There's an old meme that goes around the f-list occasionally, asking people to list the influences that shaped their writing, artwork, or whatever it is they do. The easy, cop-out answer is, of course, "everything!" When you read interviews with writers and see the inevitable question, "where do you get your ideas?" the answer is always 'everywhere,' because life provides the experiences we draw from - and we probably unintentionally store the good ideas we see in shows we watch, books we read, or in visual art. I can only assume the meme is asking for the things you come back to again and again, or the things you fell in love with at age five, which are still with you today in some way.
I never do this meme because I have a hard time nailing down what my influences are. I know they must exist, but when I sit down and think about it, there are few names or titles I can say, definitively, had a huge influence on me. All I can give you is a list of things I really liked, obsessively:
1. Sleeping Beauty (the Disney version - shut up, I was a kid and their visual style is amazing)
2. Egyptian and Greek mythology
3. Star Wars (original trilogy)
4. Wheel of Time
Ouch. Maybe I have nailed down my influences.
We had a discussion about this with some friends, who were talking about Steal Like An Artist by Austin Kleon. You can see a bit about it here. Basically, it's an expensive collection of motivational tips for artists, with an emphasis on allowing yourself to draw ideas and influences from other sources in order to grow and create your own work. I'm familiar with the concept, but how far you can take it is really up in the air as far as I'm concerned. I often find myself doing it accidentally, which drives me crazy, because the internet has placed a stigma on this practice - too much influence from another fan writer is copying. There are lines you shouldn't cross (for example, copying a scene point-for-point), and of course plagiarism, which I consider different from copying, since it involves pasting entire passages of someone else's work into your file, and 'copying' is more akin to reading a scene, and then trying to rewrite it in your own words.
But Kleon does have a point. In class, we were often told to copy classic or favorite writers to learn. You're supposed to "copy your heroes and their styles is so that you might somehow get a glimpse into their minds" to "internalize their way of looking at the world" (36) Need to get a feel for pacing or dialogue? Copy someone else's paragraphs. Need to analyze a piece of fiction for class tomorrow? Write a fictional response to it - a sequel, you might say. In other words, write some fan fiction. I wonder sometimes why this is frowned on for writers; maybe because reading and digesting a text is more cerebral?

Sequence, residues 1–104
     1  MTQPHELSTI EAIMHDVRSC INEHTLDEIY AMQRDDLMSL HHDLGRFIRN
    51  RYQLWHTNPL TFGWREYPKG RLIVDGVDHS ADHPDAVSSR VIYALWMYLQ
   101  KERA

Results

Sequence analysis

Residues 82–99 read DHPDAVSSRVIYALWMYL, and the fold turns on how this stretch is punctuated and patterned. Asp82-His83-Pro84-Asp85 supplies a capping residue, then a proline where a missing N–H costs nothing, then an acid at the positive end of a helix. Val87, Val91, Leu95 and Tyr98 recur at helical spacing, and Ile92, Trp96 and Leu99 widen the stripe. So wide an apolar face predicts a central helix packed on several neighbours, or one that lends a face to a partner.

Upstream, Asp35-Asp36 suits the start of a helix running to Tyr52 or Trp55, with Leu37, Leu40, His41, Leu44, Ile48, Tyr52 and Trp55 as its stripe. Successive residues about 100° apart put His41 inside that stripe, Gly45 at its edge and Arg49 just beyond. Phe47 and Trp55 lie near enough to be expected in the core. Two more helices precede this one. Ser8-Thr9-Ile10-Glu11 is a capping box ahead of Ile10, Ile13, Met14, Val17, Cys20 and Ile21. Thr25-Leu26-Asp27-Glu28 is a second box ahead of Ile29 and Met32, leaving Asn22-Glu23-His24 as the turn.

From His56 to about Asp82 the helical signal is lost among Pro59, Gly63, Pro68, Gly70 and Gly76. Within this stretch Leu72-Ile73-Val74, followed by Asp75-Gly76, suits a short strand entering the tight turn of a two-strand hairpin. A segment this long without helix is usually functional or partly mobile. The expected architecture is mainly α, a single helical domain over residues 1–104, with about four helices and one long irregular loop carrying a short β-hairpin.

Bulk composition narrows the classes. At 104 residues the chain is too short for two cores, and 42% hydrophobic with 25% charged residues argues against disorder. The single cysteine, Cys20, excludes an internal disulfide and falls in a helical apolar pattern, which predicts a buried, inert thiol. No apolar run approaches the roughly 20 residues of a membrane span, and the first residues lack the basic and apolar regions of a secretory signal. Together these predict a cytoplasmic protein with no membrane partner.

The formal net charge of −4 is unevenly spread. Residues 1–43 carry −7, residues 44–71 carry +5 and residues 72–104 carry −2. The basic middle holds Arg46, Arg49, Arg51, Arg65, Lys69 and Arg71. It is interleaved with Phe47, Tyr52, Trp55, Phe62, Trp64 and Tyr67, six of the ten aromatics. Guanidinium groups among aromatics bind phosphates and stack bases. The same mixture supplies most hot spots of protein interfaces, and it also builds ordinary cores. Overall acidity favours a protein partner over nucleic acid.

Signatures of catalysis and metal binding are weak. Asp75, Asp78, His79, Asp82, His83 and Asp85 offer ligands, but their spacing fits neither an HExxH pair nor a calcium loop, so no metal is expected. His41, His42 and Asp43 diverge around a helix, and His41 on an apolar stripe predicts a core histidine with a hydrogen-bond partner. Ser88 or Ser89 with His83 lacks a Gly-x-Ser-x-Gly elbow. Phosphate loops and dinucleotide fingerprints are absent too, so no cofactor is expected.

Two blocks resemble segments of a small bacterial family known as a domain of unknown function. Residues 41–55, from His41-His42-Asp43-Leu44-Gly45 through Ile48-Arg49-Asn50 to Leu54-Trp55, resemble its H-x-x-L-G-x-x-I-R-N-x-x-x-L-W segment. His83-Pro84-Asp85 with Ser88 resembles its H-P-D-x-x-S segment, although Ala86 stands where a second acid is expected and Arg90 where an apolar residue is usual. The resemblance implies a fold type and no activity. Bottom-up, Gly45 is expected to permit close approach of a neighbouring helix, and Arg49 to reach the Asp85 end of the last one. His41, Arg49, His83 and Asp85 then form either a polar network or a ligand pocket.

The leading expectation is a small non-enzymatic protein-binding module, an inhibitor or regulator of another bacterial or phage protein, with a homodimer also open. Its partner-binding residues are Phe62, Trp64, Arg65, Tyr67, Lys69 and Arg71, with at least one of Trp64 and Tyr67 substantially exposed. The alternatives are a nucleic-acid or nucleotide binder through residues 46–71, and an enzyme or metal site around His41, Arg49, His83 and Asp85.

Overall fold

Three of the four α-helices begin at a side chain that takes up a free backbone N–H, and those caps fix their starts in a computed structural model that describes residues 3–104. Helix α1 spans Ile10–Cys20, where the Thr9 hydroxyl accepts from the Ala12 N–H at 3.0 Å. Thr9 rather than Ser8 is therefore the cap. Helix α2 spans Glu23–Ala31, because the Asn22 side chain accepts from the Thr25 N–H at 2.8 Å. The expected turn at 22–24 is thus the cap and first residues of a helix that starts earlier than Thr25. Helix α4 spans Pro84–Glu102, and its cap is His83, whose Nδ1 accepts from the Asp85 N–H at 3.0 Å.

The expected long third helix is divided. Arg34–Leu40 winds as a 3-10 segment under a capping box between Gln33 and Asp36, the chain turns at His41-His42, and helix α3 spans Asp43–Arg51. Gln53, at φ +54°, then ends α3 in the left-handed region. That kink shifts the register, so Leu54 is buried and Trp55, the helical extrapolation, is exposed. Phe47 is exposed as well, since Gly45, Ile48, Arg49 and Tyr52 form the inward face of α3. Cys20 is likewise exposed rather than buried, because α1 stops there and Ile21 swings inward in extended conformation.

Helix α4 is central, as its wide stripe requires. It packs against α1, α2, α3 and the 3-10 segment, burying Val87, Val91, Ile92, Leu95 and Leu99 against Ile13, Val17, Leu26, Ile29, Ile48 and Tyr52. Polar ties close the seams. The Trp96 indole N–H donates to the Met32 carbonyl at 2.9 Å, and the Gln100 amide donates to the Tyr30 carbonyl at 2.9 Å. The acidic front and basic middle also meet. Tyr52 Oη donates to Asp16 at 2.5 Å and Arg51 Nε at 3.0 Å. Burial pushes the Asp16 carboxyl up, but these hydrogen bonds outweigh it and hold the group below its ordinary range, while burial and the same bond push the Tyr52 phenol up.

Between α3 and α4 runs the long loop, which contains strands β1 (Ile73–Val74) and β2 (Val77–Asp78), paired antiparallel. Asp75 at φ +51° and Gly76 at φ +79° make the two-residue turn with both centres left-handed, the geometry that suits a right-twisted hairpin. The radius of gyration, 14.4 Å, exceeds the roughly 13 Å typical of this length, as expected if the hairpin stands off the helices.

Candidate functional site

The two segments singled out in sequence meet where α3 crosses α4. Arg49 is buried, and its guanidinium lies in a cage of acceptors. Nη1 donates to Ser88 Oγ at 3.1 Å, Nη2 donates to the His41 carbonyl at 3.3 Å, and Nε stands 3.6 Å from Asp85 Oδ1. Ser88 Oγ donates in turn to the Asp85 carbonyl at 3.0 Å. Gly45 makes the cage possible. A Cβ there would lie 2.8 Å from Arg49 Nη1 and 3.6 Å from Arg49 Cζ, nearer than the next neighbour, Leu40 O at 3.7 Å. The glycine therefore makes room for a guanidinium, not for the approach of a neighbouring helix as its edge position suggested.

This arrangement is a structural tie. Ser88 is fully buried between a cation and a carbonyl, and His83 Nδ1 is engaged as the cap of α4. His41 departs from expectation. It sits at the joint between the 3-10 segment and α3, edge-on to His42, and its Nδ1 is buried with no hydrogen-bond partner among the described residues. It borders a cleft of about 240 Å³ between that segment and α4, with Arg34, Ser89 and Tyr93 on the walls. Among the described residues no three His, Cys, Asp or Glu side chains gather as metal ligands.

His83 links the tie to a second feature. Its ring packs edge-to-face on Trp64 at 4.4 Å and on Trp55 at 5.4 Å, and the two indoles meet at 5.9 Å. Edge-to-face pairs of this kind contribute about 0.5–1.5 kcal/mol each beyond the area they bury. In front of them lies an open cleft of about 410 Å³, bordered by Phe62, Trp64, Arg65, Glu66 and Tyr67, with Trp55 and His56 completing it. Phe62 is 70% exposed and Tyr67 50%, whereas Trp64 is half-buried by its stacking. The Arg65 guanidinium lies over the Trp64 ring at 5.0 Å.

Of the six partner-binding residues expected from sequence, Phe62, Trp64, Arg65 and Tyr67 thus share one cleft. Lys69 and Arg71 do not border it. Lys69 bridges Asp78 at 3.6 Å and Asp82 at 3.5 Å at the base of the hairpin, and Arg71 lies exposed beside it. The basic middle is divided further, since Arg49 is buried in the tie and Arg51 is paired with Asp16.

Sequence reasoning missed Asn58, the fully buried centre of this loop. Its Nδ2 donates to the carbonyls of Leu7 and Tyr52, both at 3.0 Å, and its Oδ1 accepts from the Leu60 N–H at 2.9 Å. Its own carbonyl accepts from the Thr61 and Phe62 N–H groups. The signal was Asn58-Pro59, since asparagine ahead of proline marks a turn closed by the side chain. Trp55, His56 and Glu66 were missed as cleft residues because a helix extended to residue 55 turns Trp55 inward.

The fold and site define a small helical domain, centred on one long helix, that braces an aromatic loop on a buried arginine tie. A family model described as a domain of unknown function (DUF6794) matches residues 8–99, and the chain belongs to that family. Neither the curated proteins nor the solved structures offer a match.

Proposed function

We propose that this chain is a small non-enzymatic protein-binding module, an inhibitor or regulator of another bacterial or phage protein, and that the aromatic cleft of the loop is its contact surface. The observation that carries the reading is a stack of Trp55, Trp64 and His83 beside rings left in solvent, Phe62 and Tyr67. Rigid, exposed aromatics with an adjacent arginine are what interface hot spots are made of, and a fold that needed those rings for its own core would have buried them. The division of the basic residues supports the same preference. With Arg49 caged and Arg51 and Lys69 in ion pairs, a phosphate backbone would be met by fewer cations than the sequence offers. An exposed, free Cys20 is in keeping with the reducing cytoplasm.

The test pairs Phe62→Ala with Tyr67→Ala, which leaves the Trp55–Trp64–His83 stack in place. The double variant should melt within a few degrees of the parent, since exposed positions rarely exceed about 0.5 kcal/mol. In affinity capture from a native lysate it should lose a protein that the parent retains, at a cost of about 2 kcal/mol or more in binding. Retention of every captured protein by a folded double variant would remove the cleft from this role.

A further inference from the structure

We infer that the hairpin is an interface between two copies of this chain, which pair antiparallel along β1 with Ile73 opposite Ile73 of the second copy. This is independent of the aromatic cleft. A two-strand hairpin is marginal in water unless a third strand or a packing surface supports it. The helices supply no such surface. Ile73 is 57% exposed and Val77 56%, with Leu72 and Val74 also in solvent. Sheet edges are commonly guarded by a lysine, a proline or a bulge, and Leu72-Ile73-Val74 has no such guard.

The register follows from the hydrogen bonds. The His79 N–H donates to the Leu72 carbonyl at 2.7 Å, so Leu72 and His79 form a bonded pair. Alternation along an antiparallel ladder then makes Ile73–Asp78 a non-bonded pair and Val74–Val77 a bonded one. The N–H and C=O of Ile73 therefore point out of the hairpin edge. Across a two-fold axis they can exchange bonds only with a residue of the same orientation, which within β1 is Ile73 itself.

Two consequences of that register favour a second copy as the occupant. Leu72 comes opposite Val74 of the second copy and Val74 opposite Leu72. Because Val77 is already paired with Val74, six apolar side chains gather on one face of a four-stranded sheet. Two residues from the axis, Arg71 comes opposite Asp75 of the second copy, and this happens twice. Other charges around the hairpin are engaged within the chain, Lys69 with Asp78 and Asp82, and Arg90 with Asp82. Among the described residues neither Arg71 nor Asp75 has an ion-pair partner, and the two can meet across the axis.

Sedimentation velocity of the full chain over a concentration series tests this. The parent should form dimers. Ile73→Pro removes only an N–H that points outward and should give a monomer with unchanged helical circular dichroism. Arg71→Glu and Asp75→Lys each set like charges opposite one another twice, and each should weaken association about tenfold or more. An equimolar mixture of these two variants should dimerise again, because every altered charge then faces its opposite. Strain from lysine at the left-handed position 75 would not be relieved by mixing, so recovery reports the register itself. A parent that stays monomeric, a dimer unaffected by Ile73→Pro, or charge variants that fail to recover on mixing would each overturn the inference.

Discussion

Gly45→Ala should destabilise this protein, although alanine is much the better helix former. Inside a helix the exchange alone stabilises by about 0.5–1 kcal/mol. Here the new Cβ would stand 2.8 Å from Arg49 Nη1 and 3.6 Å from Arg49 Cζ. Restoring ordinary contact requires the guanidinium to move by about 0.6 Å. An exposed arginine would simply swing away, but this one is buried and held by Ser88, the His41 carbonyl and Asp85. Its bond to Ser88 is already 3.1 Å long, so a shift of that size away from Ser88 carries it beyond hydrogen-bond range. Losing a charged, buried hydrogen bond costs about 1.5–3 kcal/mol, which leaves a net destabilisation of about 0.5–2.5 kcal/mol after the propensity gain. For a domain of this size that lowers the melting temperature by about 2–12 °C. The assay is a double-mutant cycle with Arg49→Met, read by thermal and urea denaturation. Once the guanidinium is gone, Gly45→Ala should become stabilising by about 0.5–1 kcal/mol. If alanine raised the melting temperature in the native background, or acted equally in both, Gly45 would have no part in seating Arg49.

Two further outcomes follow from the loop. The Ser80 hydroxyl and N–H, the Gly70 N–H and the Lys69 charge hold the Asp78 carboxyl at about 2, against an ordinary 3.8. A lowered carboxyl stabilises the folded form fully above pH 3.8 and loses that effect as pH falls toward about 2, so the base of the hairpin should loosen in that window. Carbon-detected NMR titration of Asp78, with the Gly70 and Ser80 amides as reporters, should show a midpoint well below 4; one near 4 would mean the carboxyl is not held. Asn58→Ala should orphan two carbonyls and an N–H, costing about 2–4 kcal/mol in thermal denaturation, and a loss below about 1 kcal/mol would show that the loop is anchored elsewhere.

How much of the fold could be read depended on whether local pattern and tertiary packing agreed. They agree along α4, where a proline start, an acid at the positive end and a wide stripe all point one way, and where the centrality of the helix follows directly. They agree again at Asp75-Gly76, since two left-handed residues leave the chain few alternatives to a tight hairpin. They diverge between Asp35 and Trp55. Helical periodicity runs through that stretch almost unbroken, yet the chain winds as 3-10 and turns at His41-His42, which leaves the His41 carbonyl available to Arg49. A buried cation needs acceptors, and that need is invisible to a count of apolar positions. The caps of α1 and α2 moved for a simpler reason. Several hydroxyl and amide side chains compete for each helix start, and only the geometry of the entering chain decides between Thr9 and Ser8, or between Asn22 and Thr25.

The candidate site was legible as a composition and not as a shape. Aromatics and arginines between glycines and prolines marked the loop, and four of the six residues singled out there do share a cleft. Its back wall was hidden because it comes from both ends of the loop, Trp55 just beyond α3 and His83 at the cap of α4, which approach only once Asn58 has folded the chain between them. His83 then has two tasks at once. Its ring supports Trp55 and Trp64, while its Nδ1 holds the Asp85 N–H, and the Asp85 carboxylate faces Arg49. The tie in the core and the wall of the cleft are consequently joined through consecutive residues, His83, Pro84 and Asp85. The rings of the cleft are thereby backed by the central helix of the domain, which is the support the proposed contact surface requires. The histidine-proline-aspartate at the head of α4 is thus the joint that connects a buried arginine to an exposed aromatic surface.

In any case, this caught my attention, because ages ago a friend made a post about the same thing:
Every other creative field you can name (art, theatre, music, dance) not only encourages but REQUIRES you to practice with other people’s technique and style. It’s accepted without question. No one even thinks to tell a new piano student that they can’t learn Chopsticks because they didn’t write it, or that they have to compose their own music so they can learn their craft. In art, we study other paintings and then try and replicate their style. How many beginning art students have painted from a photo? Or by using a grid over a well-known piece of art? (see the original post)
Writing is a strange art. People alternate between believing writers are magicians and thinking that it can't be that hard, because you can talk, can't you? If you can talk, surely you can write. I mean, everyone knows how to write. We do it every day. We know our own language. (Or do we.) Anyone can write a book!
And that book should be a completely new idea. You're a magician, aren't you?
The more I think about it, the more obvious Takahashi's influence is in my work - and that dovetails nicely with #2 on my list. He taught me how to draw inspiration from the mythologies I liked so much. In fact, he taught me that it was okay to look there at all, and inspired me to look at canons I had ignored until I experienced his work.
And I suppose I can blame Robert Jordan for making me think it was a good idea to have a large cast of characters and a thirteen book cycle. I drew a lot of early world-building inspiration from him when I was younger, though. Hm.
I guess I'll think about this some more. I suppose everyone else has done this multiple times, but feel free to do it again? I do like learning about what people find inspiring.